Rooting Cactus Stem Cutting in Water

Cactus stem cuttings can be grown in water, too. However, planting in the soil is more widely used as it’s easier and has more chances of success for beginners.

If you want to try growing a cactus stem cutting in water, here’s how to do it:

Fill a plastic or glass container with water, add the stem cutting, and leave it in a warm place. The water level should be enough to cover about ¾th of the cutting.

Once the cutting starts developing roots and new growth begins to appear, transplant it into the soil.

Step 4 – Water the Cutting

Water the newly planted cactus cutting generously and then place the pot on a window sill where it is warm, and the plant gets a good amount of indirect sunlight.

Step 5 – Caring for the Newly Propagated Cactus Cutting

As mentioned earlier, cacti are low-maintenance plants, so you do not really have to do anything to make the new cuttings take root. They will do it on their own.

Just make sure that the plant is getting enough indirect sunlight and water only when the soil feels dry. Do not water your newly planted cactus too much; overwatering is a recipe for disaster for cacti.

Never place newly planted cacti cuttings in direct sunlight. Also, avoid covering them with plastic or placing them in a propagator.

Once the plant starts to produce new growth, slowly acclimate it to direct sunlight. Do it gradually to avoid burning the plant.

Overwatering, poor drainage, inadequate amount of sunlight, and too much fertilizer are some of the common causes of cactus propagation failure. Avoid these mistakes, and you’ll be good.

How Long Does It Take for a Cactus Cutting to Grow Roots?

Most cacti cuttings develop roots within a month or so. However, sometimes they may take a little longer, so hang in there. Just make sure that you continue to fulfill its water and sunlight requirements.

What is the Best Time to Take Cactus Cutting?

The best time to take cactus cuttings for propagation is when the plant is in the active growth phase, which is late Spring or Summer for most cacti species. The cuttings are likely to grow roots much more quickly during this time.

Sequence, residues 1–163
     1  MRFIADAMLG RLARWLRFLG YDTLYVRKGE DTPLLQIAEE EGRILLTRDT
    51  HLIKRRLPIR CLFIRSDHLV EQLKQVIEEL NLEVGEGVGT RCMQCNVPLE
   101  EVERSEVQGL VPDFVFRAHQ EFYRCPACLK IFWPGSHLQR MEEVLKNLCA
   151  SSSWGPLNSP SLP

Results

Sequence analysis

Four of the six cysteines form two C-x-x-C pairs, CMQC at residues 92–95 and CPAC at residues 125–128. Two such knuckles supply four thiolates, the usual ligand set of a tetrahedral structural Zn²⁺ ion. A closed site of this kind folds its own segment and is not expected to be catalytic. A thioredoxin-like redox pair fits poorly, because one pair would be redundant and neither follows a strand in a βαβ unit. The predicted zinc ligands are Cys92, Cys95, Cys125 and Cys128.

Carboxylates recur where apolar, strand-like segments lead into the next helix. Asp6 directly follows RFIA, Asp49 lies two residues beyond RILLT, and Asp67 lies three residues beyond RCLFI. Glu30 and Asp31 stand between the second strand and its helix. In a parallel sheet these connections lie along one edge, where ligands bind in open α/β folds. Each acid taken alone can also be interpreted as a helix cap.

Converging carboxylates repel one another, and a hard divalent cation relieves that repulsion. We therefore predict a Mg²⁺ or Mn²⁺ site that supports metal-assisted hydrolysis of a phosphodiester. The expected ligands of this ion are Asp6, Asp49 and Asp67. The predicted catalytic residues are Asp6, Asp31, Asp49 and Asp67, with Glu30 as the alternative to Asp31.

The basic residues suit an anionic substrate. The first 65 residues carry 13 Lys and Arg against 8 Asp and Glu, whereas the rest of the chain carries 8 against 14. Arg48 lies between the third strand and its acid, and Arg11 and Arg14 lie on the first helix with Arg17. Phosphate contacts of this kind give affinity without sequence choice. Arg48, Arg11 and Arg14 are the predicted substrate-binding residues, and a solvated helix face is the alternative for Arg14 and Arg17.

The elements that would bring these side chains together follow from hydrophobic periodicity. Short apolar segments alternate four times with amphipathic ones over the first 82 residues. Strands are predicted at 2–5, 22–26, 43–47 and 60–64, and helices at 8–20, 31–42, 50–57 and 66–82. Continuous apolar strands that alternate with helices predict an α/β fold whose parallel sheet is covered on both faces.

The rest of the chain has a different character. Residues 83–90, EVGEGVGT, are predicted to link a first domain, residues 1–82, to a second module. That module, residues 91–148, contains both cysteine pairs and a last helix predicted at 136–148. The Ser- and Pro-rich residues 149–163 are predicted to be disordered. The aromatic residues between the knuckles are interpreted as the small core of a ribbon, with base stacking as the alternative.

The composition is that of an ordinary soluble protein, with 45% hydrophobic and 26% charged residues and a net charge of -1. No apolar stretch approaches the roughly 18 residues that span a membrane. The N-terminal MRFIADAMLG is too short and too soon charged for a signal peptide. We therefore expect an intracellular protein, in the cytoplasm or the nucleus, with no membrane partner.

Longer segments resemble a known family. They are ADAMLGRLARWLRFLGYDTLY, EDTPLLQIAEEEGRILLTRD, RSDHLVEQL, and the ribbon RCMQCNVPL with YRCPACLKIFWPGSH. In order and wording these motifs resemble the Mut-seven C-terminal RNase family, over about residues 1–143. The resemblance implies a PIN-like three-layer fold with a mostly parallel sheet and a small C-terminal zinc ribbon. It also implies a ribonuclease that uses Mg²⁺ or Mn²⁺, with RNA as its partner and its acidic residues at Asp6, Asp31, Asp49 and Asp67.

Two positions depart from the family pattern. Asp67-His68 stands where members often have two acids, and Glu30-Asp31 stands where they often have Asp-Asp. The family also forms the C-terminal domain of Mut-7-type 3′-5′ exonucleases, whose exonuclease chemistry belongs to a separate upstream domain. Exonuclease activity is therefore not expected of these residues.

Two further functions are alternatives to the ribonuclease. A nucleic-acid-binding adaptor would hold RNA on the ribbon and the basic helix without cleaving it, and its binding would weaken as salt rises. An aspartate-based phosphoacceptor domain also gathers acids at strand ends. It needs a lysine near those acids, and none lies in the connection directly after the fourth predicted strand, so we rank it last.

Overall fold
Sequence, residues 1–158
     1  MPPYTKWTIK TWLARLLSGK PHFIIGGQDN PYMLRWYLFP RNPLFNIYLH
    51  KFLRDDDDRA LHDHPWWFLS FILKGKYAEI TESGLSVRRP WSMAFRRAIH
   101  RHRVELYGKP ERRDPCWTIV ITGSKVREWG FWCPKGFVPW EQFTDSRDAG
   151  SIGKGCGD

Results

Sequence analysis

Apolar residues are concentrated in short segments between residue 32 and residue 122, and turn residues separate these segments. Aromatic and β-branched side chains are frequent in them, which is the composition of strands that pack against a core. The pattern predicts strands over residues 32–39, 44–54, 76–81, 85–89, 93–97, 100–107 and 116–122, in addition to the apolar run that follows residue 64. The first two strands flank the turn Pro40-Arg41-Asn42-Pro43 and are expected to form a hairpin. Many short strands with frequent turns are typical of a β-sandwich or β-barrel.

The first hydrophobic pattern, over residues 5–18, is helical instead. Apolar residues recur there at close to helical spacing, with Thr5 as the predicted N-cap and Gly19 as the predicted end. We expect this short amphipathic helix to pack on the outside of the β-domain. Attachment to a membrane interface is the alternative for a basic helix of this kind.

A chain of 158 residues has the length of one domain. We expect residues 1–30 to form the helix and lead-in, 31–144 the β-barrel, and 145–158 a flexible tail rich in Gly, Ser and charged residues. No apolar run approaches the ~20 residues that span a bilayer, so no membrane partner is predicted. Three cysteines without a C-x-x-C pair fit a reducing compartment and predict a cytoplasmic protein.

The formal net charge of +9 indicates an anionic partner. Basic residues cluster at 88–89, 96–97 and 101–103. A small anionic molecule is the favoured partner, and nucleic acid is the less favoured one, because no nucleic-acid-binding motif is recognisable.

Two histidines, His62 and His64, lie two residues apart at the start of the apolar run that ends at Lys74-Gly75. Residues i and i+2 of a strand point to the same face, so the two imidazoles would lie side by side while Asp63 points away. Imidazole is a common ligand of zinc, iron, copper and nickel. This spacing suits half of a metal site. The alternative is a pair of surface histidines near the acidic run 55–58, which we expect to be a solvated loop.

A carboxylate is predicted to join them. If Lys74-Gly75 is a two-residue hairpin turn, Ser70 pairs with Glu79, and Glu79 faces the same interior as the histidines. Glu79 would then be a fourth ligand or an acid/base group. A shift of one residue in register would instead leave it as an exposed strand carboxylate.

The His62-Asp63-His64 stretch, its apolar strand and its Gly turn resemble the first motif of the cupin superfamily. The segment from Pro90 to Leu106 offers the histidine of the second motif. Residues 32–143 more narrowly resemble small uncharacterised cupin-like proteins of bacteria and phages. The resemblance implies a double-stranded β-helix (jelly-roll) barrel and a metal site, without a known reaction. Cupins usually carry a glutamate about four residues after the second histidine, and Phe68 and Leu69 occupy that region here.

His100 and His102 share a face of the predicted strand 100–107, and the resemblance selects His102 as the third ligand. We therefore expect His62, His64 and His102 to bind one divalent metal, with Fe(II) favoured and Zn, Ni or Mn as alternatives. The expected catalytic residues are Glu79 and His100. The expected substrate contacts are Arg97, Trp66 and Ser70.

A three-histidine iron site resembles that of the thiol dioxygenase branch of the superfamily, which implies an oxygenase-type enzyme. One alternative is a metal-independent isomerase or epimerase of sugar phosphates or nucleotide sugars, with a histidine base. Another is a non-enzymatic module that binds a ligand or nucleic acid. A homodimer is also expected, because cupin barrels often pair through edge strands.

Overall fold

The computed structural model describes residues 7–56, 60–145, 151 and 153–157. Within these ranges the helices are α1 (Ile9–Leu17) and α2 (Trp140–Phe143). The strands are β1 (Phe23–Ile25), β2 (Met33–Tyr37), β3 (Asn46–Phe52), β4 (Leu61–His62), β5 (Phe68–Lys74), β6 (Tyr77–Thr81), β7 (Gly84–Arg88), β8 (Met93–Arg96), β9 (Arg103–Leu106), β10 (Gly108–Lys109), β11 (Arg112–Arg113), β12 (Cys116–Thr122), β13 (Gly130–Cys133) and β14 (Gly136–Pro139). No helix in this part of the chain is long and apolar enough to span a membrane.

When Not to Take Cactus Cuttings for Propagation?

While you may grow cacti from cuttings around the year, you have significantly lower chances of success in extreme weather conditions. Therefore, it is recommended not to propagate a cactus during:

● Freezing Temperatures

As the weather turns cold, most cacti species go into dormancy to reserve energy and nutrients in response to decreased sunlight. This means they aren’t actively growing.

Propagating a cactus during this time will increase the chances of failure, as well as the risk of the plant developing rot and diseases.

●  Heatwave

Extremely hot weather(like in Arizona during the peak summer season) puts cacti (or any plant, for that matter) under stress, making them direct all their energy toward survival. Propagating during this time will further increase the stress on the plant, increasing its chances of developing problems or even death.

When propagating a cactus plant, it’s best to wait until the frost, excessive cold, or heatwave is over and the weather gets mild (and less hostile for the plant).

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The Sum Up

Growing cacti from cuttings may take time, but it is the easiest way to grow your own plants. With just a little care, you can increase your cactus collection or may even grow new plants to give as gifts.

Cacti are low-maintenance and can be grown both outdoors and indoors, making them a great option for all plant lovers. So, what are you waiting for? Roll up your sleeves and get ready to propagate your cactus using the information we have just shared.